James R. Bashore Jr.
BOWLING GREEN — James Robert Bashore, Jr., a retired English professor and first director of the honors program at Bowling Green State University, died Nov. 19 at Wood County Hospital in Bowling Green. He was 87.
Mr. Bashore, called “Dr. Bob” by many who knew him, sought medical care after a recent fall, leading to the discovery of an infection that had turned septic, son-in-law Doug Donnell said.
Mr. Bashore was born in Paulding, graduated from Libbey High School in Toledo, and served in the Navy. He earned degrees from the University of Wisconsin and BGSU before earning his doctorate from Wisconsin in 1959.
He joined Bowling Green’s faculty in 1948 as an instructor, the start of a long career as a professor who focused on American literature by greats such as Ralph Waldo Emerson, Henry David Thoreau, and Herman Melville. He also had a deep love for William Shakespeare and a voracious appetite for many other subjects, including science.
“You almost couldn’t engage with him without being given a lecture of some [type]. He was probably the most cerebral person I’ve ever known. He was thinking all the time,” said daughter Dana Donnell of Grand Rapids, Mich. “He just loved telling people about what he had learned.”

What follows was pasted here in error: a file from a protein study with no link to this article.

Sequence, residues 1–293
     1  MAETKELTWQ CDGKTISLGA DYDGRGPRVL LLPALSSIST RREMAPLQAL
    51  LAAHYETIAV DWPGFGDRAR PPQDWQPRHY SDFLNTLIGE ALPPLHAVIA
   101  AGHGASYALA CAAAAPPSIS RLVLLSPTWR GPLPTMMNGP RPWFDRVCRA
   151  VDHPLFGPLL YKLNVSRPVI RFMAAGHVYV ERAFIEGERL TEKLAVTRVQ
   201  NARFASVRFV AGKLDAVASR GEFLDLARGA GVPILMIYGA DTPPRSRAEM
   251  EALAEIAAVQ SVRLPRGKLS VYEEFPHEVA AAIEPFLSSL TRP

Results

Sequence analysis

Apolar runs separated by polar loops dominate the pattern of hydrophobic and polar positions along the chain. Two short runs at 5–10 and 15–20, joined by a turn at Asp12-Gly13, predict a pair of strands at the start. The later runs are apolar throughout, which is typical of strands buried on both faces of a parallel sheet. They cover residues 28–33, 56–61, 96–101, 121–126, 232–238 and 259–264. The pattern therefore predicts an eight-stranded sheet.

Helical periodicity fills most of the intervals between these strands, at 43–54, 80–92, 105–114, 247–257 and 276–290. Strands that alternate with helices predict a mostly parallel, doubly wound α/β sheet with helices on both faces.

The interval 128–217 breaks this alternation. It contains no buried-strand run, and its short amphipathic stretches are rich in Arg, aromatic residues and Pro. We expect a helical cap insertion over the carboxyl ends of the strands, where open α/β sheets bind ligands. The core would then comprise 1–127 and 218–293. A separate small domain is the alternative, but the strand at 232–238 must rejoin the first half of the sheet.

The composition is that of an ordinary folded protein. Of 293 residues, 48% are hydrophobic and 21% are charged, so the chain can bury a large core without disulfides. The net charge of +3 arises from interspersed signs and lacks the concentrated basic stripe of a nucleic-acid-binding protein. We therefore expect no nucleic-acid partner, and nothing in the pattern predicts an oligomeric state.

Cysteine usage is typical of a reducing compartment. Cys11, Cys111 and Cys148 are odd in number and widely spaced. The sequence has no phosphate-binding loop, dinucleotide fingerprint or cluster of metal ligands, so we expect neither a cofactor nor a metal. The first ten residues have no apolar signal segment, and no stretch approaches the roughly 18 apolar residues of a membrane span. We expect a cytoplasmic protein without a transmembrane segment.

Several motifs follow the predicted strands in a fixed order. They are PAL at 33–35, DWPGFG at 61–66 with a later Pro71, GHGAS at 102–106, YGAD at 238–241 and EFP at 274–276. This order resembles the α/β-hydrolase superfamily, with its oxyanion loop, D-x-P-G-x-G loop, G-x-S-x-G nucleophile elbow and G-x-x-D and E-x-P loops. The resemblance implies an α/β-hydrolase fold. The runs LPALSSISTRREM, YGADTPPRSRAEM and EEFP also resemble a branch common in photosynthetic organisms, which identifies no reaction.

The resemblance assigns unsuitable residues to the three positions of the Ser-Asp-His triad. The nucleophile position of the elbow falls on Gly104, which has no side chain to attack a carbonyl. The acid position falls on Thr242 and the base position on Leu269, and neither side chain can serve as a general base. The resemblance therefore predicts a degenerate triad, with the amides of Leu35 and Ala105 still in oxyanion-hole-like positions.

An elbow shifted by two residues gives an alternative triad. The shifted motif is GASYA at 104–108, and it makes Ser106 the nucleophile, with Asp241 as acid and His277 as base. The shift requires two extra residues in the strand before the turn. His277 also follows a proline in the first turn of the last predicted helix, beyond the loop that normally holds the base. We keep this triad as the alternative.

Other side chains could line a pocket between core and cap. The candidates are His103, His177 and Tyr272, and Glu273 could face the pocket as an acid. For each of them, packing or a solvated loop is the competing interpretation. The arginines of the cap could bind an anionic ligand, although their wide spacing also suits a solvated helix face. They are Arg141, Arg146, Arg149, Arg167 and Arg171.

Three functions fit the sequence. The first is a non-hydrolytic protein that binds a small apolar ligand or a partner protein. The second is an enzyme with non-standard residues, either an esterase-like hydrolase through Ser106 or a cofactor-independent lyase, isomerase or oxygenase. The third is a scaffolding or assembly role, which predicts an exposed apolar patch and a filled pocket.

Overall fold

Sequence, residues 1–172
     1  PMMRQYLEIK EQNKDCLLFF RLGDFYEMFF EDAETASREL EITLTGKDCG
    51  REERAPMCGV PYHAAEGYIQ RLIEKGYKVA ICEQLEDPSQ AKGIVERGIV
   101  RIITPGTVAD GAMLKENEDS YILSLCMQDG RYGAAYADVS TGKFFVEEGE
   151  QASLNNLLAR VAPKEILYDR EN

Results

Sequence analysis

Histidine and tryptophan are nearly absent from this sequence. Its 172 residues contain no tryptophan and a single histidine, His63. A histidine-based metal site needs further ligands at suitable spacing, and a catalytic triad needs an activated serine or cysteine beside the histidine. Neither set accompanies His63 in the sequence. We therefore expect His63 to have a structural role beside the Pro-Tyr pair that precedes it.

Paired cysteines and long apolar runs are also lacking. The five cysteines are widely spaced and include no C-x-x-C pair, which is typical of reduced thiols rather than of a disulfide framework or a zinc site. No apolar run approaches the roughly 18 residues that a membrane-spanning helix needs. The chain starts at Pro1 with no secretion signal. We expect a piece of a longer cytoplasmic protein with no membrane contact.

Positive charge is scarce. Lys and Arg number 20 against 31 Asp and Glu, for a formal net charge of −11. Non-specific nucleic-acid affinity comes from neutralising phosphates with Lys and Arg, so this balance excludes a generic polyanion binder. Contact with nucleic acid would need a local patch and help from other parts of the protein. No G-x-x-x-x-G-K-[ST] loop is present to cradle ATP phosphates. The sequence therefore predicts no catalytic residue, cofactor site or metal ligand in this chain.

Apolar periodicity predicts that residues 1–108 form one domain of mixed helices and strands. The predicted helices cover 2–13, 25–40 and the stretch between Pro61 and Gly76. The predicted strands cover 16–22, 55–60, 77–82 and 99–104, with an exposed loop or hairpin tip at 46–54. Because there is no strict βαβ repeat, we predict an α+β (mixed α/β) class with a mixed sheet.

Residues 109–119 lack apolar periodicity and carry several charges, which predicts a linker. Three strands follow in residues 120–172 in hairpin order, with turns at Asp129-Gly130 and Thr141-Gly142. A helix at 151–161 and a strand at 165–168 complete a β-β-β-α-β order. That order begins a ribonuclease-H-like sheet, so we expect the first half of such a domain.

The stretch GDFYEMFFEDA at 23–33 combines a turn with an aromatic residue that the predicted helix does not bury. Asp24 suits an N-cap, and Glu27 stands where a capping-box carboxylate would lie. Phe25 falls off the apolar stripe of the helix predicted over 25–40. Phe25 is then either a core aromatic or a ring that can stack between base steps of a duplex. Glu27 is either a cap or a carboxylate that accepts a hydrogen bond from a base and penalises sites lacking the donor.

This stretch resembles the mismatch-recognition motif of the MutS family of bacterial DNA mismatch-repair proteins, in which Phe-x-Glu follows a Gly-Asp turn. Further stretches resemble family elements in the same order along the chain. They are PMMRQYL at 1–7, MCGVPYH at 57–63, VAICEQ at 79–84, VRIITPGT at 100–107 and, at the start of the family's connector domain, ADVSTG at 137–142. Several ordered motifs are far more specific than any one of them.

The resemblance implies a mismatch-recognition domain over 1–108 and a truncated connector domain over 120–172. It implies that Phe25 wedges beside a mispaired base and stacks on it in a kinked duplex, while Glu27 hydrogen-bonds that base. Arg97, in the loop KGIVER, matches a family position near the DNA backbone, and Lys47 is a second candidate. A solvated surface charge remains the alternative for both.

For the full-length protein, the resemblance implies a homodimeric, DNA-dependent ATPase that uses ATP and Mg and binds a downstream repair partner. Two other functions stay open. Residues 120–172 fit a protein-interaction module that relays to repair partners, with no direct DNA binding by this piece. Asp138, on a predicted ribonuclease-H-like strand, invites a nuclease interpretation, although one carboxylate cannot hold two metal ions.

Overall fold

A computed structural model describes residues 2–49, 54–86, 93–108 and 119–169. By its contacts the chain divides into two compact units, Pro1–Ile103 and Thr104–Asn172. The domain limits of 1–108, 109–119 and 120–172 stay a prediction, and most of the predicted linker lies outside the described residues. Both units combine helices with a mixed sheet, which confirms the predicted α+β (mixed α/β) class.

In 1953, he married Wilma Granger, with whom he raised two daughters. Mrs. Granger died in 1988, and he reconnected with Lois Wall of Rocky River, Ohio, who became his companion for many years.
Mr. Bashore was named Omicron Delta Kappa’s “Faculty Man of the Year” in 1969, and helped launch the university’s honors program, serving as its first director.
“I think that he appreciated bright kids, and he wanted to help them to find ways of learning at a faster pace or a different pace than ordinary classes ... offered,” said Les Barber, who retired from BGSU after working in administration and in the English department.
Mr. Bashore’s teaching style fostered collaboration, and he sought to empower students, Mr. Barber said.
He made annual trips to Canada to see Stratford Festival theater productions, often persuading others to go.
Mr. Donnell came across a file Mr. Bashore labelled “Kind letters from students” stuffed with appreciative notes from students.
“You read some of these letters, you can just tell he changed their view of college or of education or of literature or how to think,” he said.
He corresponded by mail with people he met on his travels overseas and resisted computers, relying instead on a typewriter.
Surviving are his daughters Dana Donnell and Brooke Bashore; brothers Bruce and Barry, and seven grandchildren.
A memorial service will be held at a later date at Grounds for Thought, Bowling Green.
The family suggests tributes to the J. Robert Bashore Scholarship, in care of the Honors College at BGSU.
Contact Vanessa McCray at: email@example.com, 419-724-6056, or on Twitter @vanmccray.
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